The story of how Telltale games rose from the ashes of a cancelled Sam & Max game to become one of the more prolific studios on the planet;
It was the late 90’s and Point and Click adventure games were riding the crest of a wave and at the pinnacle of that wave was LucasArts. It was during the preceding decade that the American studio had dominated the market – Indiana Jones, Monkey Island, Day of the Tentacle, Full Throttle, Grim Fandango, The Dig and Sam & Max were all critical darlings and topped the sales charts. Unfortunately, due to market saturation and the unexpected rise of the first-person shooter genre, demand for point and click adventure games started to wane. They weren’t the draw they once were and LucasArts started to dedicate more and more of their resources on their slate of Star Wars titles which continued to sell well. Eventually, after years of development, they cancelled the only 2 point and click adventures they had in development – Full Throttle: Hell on Wheels & Sam & Max: Freelance Police. “After careful evaluation of current market place realities and underlying economic considerations, we’ve decided that this was not the appropriate time to launch a graphic adventure on the PC” was the message delivered to the press by the then acting general manager and VP of finance and operations, Mike Nelson. It didn’t go down well with many long term LucasArts fans.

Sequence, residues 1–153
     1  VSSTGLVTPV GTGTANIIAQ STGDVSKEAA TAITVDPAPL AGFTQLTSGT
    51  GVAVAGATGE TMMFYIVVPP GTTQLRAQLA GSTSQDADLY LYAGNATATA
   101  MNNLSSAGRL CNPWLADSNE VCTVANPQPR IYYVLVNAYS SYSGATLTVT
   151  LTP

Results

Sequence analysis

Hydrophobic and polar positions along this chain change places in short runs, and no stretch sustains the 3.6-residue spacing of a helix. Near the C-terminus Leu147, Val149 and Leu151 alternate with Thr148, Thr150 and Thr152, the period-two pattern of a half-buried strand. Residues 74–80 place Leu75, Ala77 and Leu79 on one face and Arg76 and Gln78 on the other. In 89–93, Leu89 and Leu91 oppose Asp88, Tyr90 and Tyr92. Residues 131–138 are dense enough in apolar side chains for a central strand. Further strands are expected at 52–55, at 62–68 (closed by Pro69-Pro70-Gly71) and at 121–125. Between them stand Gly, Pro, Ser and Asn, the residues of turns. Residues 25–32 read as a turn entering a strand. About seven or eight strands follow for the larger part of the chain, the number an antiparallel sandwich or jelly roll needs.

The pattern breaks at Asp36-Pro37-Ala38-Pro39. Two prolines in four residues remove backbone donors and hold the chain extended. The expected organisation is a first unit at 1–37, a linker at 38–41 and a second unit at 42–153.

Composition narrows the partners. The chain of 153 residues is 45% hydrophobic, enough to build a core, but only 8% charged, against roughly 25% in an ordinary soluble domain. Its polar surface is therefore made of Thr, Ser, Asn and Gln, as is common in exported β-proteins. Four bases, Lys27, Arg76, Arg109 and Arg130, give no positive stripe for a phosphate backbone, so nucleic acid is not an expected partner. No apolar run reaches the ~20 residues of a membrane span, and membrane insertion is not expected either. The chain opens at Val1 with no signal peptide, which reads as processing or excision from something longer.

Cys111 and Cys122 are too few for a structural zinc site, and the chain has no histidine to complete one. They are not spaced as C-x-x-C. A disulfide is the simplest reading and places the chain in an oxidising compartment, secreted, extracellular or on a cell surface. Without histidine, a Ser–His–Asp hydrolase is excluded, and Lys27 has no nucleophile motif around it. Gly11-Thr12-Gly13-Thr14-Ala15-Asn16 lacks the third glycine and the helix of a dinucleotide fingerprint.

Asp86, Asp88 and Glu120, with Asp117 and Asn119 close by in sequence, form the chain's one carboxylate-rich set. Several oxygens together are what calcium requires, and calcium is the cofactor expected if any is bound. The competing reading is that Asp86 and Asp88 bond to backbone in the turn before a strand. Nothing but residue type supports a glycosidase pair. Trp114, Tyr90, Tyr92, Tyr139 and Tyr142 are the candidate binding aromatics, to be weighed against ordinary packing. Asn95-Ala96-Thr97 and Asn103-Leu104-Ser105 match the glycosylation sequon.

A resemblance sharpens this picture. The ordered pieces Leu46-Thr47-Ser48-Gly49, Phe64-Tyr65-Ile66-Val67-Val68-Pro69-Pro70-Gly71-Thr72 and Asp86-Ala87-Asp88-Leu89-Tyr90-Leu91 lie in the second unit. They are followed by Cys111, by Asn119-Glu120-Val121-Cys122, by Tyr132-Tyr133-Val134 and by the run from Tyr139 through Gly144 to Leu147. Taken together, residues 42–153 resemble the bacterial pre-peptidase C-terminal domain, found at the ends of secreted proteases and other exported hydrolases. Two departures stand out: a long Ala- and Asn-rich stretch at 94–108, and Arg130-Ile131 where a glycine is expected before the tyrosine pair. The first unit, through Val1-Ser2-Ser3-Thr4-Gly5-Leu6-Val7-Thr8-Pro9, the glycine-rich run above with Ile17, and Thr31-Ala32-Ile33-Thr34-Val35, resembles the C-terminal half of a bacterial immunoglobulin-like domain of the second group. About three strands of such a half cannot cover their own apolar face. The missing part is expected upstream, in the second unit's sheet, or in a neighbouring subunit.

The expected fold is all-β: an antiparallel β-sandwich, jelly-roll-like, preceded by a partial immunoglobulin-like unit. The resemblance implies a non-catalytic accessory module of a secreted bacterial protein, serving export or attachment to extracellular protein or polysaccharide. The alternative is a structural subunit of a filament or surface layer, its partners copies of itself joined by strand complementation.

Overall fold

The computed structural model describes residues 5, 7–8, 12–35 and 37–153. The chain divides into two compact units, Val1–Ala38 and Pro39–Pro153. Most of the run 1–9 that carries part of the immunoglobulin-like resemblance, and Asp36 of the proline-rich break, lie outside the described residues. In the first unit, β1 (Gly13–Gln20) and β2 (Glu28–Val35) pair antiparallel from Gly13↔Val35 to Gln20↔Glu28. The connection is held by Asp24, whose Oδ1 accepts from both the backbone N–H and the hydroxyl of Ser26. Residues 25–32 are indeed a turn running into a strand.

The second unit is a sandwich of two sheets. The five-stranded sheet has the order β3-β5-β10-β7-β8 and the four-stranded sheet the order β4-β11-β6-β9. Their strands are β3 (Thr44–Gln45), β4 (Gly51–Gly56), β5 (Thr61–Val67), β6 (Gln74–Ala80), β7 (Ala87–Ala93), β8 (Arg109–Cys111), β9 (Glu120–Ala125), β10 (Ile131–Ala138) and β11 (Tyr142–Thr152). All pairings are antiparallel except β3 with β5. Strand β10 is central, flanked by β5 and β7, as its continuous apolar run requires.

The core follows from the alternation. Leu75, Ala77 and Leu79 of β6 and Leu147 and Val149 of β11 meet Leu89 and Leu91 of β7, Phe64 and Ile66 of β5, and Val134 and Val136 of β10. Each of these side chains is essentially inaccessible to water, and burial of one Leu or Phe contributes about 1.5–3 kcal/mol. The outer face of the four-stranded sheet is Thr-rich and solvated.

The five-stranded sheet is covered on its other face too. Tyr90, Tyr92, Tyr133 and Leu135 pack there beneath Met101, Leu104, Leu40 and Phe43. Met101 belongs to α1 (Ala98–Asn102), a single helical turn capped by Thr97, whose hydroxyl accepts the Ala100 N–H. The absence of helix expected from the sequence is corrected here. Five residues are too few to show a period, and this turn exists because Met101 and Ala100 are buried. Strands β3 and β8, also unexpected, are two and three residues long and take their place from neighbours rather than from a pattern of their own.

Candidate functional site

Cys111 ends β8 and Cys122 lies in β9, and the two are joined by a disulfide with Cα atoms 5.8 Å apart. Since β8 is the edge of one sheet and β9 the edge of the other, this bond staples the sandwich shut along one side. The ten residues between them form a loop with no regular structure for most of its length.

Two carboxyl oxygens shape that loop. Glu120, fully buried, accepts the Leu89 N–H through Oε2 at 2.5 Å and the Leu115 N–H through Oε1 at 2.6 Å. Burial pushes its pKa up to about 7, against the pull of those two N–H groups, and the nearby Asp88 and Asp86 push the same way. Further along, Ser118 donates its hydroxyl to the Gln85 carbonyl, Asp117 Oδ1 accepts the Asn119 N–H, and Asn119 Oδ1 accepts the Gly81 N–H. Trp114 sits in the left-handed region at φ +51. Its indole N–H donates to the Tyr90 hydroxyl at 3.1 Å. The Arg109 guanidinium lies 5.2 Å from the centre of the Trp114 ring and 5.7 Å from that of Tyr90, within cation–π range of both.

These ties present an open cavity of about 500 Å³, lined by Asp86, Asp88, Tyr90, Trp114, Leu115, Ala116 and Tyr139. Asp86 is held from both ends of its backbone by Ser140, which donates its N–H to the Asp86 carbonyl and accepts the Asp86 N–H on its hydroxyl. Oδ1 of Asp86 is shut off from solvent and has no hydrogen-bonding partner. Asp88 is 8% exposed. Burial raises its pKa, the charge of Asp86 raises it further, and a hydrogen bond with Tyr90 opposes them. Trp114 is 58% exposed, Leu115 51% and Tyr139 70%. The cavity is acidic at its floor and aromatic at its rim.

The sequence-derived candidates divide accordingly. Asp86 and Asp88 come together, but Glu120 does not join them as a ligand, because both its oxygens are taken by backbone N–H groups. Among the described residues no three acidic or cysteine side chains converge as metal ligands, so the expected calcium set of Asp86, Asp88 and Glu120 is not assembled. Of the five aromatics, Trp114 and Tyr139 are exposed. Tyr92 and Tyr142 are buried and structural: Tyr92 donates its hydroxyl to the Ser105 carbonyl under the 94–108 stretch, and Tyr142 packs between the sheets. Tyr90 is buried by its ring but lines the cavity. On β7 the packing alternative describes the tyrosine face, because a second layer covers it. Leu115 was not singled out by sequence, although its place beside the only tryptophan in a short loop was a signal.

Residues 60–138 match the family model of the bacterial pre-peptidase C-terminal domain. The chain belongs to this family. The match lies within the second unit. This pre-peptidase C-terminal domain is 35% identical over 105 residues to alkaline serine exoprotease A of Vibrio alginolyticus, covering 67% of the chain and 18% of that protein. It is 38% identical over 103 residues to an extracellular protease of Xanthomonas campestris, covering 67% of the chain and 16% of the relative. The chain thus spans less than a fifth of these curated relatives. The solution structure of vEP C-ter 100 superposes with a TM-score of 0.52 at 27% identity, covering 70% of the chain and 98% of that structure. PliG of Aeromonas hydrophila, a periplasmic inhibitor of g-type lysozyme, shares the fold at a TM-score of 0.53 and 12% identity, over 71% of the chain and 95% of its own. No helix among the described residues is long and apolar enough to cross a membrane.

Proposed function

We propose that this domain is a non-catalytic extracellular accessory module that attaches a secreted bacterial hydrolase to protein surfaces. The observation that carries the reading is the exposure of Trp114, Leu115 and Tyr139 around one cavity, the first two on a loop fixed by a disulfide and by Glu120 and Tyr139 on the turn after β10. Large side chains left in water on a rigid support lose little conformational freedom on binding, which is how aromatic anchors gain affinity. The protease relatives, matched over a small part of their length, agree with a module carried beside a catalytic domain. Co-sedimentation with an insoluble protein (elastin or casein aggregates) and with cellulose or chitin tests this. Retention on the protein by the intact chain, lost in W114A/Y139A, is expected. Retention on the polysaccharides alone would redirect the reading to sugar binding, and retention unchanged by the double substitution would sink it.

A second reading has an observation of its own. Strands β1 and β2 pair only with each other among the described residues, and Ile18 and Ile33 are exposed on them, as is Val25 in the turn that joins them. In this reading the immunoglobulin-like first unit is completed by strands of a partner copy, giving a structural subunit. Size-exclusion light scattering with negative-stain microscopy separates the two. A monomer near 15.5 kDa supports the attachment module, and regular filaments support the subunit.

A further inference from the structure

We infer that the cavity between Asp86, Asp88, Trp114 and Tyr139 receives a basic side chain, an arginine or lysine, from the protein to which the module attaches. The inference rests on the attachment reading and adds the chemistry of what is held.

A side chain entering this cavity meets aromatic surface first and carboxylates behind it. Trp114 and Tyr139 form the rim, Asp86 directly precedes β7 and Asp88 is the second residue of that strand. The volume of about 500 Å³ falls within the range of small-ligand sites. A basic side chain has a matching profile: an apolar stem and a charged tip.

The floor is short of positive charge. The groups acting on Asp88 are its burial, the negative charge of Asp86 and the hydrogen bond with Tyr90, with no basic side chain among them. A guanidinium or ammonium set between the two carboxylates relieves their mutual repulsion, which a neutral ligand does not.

It was this decision by LucasArts that would inadvertently changed the face of point and click adventures.
Disappointed by the cancellation of Sam & Max: Freelance Police, 3 LucasArts employees who were working on the game – Dan Connors, Troy Molander and Kevin Bruner – left the company to start their own. Working with attorney Ira P. Rothken, the trio founded Telltale Games in July, 2004.
Less than a year later, thanks to a group of angel investors, Telltale released their first game – Telltale Texas Hold’em. One of only 2 games that the studio has ever released with wholly original characters (the other is Puzzle Agent), Texas Hold’em was released to test the digital distribution market as well as a proof-of-concept for the “Telltale Tool” (and a successful one at that). The Telltale Tool is a proprietary game engine built with rapid creation and portability in mind. It’s an engine that is still used today (although heavily upgraded and altered since the release of Texas Hold’em) and is what enables Telltale to release and update games so quickly and on so many different platforms simultaneously.